put them in your hand. the maker of enfamil can't find the chemical responsible for an infant's death. walmart pulled cans off the shelves last week. so far state, federal and company tests have not found any evidence of the bacteria. the cdc suggests both cases could just be a coincidence. in boston, a stranded puppy got some love from continental airlines workers. that's whoppers, that's his name. his owner was taking him to spain to visit family, but she didn't have the right health certificate and she couldn't send him to a kennel because she's too young for all his shots. >> well, he's beautiful. if you trust us, we'll take him. you go to spain and go have christmas, new year's and he'll be here healthy when you come
back. >> continental babysitting whoppers. they are sending the owner e-mail updates and pictures. and in california, the state supreme court will decide if a man notorious for fabricating magazine articles is fit to practice law. you may remember the story of steven glass, his lies and downfall were featured in the 2003 film "shattered glass". >> i want my playboy. i want a trip to disney world. show me the money! show me the money! >> in that screen he portrays glass pitching a fake story. glass is now a 39-year-old law clerk. he passed the bar exam, but the state bar is questioning if he is morally fit to be a lawyer. he could have a hearing next fall. glass has not commented.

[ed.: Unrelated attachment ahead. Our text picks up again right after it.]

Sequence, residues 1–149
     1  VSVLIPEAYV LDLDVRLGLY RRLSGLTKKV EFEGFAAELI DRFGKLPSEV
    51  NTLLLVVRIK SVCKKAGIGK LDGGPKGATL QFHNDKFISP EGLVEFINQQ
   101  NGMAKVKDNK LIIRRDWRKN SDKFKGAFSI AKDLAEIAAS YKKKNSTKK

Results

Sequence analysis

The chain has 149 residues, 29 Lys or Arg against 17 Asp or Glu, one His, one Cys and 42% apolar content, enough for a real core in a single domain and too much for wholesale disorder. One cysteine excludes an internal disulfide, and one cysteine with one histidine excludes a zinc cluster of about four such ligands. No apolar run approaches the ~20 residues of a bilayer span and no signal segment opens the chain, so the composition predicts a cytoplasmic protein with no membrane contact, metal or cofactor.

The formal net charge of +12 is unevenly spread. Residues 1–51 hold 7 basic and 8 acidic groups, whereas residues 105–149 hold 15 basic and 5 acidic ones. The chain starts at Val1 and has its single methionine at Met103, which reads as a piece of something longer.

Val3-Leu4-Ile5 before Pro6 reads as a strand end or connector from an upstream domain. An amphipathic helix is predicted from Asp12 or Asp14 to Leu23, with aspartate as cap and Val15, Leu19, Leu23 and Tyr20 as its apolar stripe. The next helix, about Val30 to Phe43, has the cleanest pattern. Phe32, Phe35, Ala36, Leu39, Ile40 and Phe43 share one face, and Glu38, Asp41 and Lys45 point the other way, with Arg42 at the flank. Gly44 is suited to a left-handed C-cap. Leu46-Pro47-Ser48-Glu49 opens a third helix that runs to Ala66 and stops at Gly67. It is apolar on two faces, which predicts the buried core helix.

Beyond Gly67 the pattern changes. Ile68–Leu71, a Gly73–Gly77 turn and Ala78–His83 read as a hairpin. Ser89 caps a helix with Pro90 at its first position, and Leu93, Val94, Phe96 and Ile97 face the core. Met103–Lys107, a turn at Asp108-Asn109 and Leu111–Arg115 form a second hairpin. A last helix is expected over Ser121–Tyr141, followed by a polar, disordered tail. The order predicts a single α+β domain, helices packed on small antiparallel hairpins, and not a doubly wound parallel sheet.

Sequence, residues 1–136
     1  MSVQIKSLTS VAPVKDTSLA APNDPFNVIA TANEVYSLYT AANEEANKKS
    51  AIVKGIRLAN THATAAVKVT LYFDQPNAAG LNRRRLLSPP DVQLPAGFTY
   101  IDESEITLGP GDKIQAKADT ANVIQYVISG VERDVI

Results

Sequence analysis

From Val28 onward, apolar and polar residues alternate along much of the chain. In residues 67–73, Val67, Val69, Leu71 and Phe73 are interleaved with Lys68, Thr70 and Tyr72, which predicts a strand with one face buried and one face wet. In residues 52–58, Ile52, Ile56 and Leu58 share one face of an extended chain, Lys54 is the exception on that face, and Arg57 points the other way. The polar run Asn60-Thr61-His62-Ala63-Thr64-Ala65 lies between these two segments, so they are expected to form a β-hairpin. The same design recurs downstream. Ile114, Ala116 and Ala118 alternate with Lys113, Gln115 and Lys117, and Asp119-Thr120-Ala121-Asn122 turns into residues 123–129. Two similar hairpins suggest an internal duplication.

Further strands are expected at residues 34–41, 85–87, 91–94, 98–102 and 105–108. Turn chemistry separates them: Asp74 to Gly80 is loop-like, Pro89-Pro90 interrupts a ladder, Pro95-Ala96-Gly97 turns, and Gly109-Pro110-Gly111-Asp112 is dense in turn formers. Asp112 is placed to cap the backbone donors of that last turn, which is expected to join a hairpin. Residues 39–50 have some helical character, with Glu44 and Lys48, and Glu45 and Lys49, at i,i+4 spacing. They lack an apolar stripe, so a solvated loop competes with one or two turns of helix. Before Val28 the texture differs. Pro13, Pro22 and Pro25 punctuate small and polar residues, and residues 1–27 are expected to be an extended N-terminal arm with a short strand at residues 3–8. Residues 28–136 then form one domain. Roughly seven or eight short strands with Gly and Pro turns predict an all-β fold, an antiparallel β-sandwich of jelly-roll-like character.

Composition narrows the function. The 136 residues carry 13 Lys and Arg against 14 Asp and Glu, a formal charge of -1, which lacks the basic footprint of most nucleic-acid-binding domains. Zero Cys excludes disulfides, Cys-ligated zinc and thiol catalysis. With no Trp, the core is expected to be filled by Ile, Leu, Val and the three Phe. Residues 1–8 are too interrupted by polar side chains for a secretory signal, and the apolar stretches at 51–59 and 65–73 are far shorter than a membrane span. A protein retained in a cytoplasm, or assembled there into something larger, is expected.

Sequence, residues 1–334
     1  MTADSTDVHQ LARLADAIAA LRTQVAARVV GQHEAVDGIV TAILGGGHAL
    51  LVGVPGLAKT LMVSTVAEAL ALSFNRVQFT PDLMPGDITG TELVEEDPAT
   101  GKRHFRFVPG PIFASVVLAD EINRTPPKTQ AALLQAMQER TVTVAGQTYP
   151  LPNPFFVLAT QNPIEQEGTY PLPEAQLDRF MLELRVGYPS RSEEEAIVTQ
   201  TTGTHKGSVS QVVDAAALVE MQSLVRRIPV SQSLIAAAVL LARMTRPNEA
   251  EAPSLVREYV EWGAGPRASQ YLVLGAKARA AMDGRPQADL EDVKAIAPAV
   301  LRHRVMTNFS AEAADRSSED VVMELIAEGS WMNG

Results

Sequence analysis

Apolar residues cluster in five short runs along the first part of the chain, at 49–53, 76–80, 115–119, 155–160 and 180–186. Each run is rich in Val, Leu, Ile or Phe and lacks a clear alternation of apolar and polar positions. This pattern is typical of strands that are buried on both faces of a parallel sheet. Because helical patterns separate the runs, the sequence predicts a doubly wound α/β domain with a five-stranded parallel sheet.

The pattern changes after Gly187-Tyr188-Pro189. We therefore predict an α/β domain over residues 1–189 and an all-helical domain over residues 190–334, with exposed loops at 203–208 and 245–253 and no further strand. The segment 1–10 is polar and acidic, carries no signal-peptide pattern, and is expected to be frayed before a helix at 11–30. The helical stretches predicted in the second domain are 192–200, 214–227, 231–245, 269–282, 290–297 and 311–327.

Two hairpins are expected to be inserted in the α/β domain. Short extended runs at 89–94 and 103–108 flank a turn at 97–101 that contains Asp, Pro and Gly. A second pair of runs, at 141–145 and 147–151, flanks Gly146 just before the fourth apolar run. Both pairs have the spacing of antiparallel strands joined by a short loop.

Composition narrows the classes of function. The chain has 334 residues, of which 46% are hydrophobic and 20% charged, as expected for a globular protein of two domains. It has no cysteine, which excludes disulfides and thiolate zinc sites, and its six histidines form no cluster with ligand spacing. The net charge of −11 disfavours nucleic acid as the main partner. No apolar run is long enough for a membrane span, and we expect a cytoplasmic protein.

character witnesses have said he's learned his lesson. time now for our political ticker. only eight days left until the first votes are cast in iowa opening the presidental caucus and primary season. fasten your seat belts. cnn political contributor paul steinhauser is in iowa. with the race winding down there, what's it looking like now. >> reporter: it's anybody's guess with one week and one day to go. the most recent poll came out on friday from american research group, people likely to take part in the january 3rd caucus. look at the three-way traffic jam at the top there. ron paul from texas at 21%, former massachusetts governor mitt romney at 20% and former house speaker newt gingrich at 19%. that's basically a dead heat for the top spot. everybody else in single digits. natalie, the big talker is ron paul. this is the headline from the
des moines register, the big paper here in iowa's capitol. paul's numbers have jumped over the past month here in iowa and nationally. remember four years ago he ran for the white house. a lot of people said he was too outside the mainstream republican party, but a lot of republicans are now seeing the issues the way he has seen the issues and continues to see them. it is a big topic of conversation here in iowa, natalie. >> so much for a quiet holiday for iowans this year. >> reporter: nonstop here. two days off for christmas. today is a federal holiday. much of the candidates are down except for rick santorum from pennsylvania. he's campaigning today. he has a pheasant hunt which is a popular thing among some in iowa. a bunch of other candidates get into the mix tomorrow, natalie. >> paul steinhauser for us in